We good folks of Sooville were blessed with a rare and delightful thing this year; A summer. Not a couple of weeks of sweaty humidity and mosquito conventions sandwiched between iffy, rainy, mid-teen extensions of spring and autumn, but a bah-Gawd proper long, glorious, soul-top-upping SUMMER. It even absorbed nearly the entire month of September! What the heck? Whatever you were all doing to keep Ma Nature pleased with you this past year, feel free to keep it up for 2016. PLEASE.
By now you may have guessed that I am a fan of summer, to which you might naturally assume the corollary of this; that I hate winter.
Okay, hate is a strong word. Appropriate, but strong.
My disdain for the cursed, endless season of frostbitten misery comes not entirely from the fact that IT’S TOO (expletive deleted) COLD, but also because I no longer play winter sports.
This is not because I don’t enjoy them. Hockey is one of my favourite sports. Tobogganing appeals to an aforementioned love of semi-reckless speed. Snowboarding…well I sucked like a nuclear-powered Shop Vac but I still enjoyed it right up until the inevitable high-impact moment of intimacy with a very stationary object; usually a large tree…or the chalet.
See, winter will forever occupy the caboose in my ranking of seasons for reasons beyond the Hellish barren moonscape of the terrain, or the Beautiful Downtown Iqaluit temperatures.
Winter sports all seem to, you know, hurt.
I’m old and soft, I know. That’s a ‘me’ problem.
Skiing, hockey, speed-skating, snowmobile riding (and falling off, which happens), all usually involve some combination of smack, thud, crunch, and ouch. Even biathlon can be lethal, but only if you’re doing it REALLY wrong.
If you are like me, and if so please accept my sincere condolences, you may be looking for a winter activity that dials back the lake-effect-intensity wind chill to a gentle, Chinooky breeze.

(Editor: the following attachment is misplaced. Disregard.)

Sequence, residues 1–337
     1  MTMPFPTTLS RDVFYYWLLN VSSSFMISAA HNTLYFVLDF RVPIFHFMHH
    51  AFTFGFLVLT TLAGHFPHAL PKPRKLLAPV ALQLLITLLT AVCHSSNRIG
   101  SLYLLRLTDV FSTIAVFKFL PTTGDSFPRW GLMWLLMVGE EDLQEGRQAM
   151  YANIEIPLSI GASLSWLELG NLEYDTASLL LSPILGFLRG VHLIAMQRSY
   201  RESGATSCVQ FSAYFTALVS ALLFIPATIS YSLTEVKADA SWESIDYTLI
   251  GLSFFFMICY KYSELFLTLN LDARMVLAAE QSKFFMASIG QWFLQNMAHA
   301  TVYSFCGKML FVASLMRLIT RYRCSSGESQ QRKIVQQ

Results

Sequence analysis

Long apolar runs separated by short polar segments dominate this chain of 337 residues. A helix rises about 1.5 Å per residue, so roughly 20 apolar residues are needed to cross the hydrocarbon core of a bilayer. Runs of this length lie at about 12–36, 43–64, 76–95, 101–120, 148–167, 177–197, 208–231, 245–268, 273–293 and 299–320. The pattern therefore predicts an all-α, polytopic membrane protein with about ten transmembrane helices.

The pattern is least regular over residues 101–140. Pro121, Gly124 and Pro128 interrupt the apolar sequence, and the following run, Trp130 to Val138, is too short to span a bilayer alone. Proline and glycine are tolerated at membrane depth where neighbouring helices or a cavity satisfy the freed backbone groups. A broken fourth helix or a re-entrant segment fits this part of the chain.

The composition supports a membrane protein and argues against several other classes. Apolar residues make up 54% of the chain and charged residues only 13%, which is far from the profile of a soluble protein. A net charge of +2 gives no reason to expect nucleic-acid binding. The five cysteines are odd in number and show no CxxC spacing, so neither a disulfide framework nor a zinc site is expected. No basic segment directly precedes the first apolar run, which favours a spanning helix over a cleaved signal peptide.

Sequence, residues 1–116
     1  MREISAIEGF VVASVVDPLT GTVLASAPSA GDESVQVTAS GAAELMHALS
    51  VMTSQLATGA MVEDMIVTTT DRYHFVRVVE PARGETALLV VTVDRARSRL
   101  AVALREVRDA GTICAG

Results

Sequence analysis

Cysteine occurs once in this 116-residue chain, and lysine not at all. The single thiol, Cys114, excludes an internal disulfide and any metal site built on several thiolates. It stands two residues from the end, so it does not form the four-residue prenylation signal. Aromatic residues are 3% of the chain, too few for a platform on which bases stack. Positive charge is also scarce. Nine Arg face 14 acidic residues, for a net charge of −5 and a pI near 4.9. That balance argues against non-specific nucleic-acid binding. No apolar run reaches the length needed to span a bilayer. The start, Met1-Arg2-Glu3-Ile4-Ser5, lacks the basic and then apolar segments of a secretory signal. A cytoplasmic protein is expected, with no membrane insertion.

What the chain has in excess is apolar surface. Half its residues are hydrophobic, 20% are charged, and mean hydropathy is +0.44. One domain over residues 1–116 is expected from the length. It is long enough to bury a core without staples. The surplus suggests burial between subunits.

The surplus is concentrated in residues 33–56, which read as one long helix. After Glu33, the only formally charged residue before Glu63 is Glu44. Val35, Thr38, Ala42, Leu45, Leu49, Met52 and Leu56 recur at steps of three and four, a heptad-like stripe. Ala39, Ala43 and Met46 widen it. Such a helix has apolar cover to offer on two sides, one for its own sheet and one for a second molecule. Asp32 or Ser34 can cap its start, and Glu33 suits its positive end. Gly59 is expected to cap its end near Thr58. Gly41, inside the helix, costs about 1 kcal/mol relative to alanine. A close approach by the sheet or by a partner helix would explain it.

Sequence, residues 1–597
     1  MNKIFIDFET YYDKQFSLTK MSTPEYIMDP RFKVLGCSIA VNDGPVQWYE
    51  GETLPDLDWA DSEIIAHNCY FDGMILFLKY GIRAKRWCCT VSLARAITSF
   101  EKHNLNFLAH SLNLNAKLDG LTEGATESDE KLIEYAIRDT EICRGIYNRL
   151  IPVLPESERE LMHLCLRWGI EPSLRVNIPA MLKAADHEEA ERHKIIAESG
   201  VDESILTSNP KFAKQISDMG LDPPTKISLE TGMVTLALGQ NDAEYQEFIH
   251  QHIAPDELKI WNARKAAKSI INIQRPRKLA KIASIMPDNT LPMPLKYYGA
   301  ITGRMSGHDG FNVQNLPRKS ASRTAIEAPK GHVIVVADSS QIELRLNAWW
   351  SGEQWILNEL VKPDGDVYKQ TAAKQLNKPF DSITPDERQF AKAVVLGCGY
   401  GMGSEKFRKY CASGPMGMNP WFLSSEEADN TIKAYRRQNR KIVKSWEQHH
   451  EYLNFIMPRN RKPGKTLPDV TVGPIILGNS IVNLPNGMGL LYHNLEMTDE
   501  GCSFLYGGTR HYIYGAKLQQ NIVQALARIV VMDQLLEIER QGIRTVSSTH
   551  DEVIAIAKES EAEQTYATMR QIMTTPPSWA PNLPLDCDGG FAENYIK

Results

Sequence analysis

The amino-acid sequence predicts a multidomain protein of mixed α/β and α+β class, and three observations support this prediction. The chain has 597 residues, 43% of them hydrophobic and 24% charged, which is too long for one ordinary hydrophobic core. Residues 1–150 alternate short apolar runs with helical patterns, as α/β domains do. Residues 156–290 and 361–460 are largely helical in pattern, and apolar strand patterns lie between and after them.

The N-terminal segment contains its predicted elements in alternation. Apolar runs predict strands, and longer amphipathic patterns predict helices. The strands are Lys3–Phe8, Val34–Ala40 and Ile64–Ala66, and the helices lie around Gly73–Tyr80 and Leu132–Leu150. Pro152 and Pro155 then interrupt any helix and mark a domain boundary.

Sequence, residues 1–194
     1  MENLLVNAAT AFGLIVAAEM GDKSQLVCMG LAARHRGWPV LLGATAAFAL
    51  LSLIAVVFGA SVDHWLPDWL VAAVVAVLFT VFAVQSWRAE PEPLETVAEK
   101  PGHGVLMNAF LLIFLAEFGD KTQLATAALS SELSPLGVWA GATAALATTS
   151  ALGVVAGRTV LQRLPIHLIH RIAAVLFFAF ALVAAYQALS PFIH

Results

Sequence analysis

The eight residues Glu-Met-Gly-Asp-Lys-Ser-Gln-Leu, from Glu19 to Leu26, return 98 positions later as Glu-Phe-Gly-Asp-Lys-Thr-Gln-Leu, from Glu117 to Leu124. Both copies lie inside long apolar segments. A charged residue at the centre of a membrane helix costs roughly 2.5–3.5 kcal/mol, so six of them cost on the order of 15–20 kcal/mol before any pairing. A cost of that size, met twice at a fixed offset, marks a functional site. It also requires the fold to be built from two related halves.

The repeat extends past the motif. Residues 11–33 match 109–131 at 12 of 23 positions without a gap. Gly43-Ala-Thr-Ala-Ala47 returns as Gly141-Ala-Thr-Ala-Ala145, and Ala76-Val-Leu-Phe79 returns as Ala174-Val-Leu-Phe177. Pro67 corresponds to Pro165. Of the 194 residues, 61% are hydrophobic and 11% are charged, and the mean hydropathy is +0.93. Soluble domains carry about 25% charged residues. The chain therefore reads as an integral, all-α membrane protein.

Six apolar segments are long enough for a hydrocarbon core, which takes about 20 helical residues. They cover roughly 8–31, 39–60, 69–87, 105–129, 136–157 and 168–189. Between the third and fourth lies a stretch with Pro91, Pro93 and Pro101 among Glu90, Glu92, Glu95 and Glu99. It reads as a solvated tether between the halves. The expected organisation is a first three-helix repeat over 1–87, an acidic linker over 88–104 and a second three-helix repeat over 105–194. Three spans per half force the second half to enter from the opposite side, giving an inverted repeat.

If so, might I recommend Curling?
Now before you comment, I realize Curling is played on a surface of solid ice, with giant granite projectiles; neither of which inspire visions of comfort, wellness, or serenity. Stay with me. It’s not that kind of game.
Sure, if you haven’t been pinned under a heavy household object for the last year or two, you know that the game at its highest level is an intense, competitive, athletic endeavour of the highest caliber. We are fortunate to have THE FINEST CURLING TEAM IN THE WORLD right here in our city, and no one would ever mistake our Olympic Champion Team Jacobs for anything other than a finely honed, driven, and incredibly successful member of Canada’s sporting elite.
Heck, even my family had a fair measure of success competitively. My mother and brother have both represented the Soo at the Provincial Championship level. I did my part to preserve the family’s curling legacy by staying far away from anything resembling competitive play. You’re welcome, Wilcoxes.
The recreational level, however, is a different animal altogether. Junior, senior, female, male; any level of ability, you’re all welcome. The price of entry is more than reasonable, as are lessons. Equipment is a brush, a slider, and a glove. You can start in grade school, and finish when you’re ready for pasture. Tournaments, known as Bonspiels, are a hoot, bringing teams of all levels, from all over, together to compete and celebrate the game. Whether you’re the lead, second, third, or skip, your rock matters. Your teammates use their brushes to help your shot find its way to its target. It’s an amazing example of teamwork. The victors and the vanquished join up after the game to enjoy a sudsy refreshment and share some laughs and stories. It’s sportsmanship at its finest, at its most Canadian.
Did I mention it’s played indoors too?! Huzzah!
So hurry, hurry hard (sorry) to either of our fine local Curling Clubs, watch the play, and then sign up to become a member. It’s great exercise, at a more leisurely pace, with the promise of laughs and great memories. Furthermore, it’s your chance to ‘rock the house’ without the risk of tinnitus or stage dive-related trauma.
The surface may be as cold and hard as ice, but that’s about the only part of your Curling experience that will be.